Read the bible
The greatest resource we have as christians is the bible, and close, prayerful familiarity with it and regular reading is the most important and the most effective way of deepening our discipleship, increasing our familiarity with Jesus Christ, and becoming faithful followers.
Use of the bible at All Saints
The careful reading of the bible is central to all our public worship at All Saints. Our daily services of Morning Prayer, Evening Prayer and Holy Communion each contain two intelligently chosen readings from both Old and New Testaments. Our Sunday Eucharists generally have three readings from the bible. In most of our services we work regularly through the Psalms, the bible's song book. Most of our preaching and teaching starts with the unfolding of the scriptures. Our small groups generally are structured around understanding and responding to passages from the bible.
You and your bible
Our personal copy of the bible should be a big part of our life, and should be handy when we sit and think, when we go to bed and when we travel. If we aspire daily to build our relationship with Jesus Christ and to follow him more nearly, we need the book of the faith that spawned him, of the life he lived and his teaching, and of the earliest efforts of people to make his church. Recent research into what kind of people are most inclined and most able to communicate the christian life to others and help them come to faith themselves named frequently speaking of Jesus and frequently reading the bible as the top signs.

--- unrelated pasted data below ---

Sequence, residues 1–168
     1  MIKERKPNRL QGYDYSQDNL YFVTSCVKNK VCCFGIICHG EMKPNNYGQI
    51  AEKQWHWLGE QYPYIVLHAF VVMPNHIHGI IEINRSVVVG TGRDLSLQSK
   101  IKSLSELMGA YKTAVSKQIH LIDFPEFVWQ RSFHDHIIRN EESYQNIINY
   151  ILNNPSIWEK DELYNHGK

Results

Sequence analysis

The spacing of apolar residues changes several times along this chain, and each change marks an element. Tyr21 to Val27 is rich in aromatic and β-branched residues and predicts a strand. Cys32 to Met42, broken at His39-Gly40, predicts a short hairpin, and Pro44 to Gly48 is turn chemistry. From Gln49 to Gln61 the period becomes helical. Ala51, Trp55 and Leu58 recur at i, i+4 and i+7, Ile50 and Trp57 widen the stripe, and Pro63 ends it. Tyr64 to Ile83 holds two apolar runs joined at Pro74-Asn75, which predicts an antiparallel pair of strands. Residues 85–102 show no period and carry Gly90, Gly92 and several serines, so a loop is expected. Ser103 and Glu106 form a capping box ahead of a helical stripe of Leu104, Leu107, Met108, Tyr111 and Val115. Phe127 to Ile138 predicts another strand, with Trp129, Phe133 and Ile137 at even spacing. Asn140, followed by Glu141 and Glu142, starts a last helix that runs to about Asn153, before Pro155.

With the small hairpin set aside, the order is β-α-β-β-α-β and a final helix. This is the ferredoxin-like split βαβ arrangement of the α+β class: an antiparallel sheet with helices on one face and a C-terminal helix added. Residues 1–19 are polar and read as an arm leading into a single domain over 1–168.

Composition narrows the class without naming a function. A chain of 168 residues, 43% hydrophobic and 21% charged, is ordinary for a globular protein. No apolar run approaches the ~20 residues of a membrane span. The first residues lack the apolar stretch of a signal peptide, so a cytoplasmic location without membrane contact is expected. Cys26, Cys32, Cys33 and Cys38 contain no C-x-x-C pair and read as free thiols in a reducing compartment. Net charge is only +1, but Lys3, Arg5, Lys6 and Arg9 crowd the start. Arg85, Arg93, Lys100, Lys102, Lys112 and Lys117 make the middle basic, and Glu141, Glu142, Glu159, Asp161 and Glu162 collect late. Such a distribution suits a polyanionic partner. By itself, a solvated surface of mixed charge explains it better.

There are dozens of versions to choose from. In church, and on this website, we tend to use the New Revised Standard Version, in its Anglicised form (the original is American and apparently they speak a different language over there). It reads well and sounds good out loud, it is highly respected for the scholarship and even-handedness of its translation, and it avoids sectarian emphasis. It can be bought very cheaply, either from Unicorn Tree Books in Lincoln Central Market (tell Melanie you are from All Saints), or online from Church House Bookshop, which you can access by clicking here. Do try other versions. The New International Version is widely available in a variety of shapes and sizes and popular across the protestant world. The Good News Bible is probably more of a paraphrase than a scholarly translation - the best version that uses modern language and new metaphors to make the spirit of the bible communicate with a 21st century readership, though at the price of accuracy, is The Message, which we quite often use in informal worship and with young people. The New Jerusalem Bible is a good and readable version from the Roman Catholic Church - same stuff but with their strange mis-numbering of the psalms! They make a small, light, leather-bound and zipped version that nestles very comfortably next to your sponge bag! You can read the bible (and search and research it) very effectively on the internet or on your phone, and we have an online bible resource you can reach by clicking here.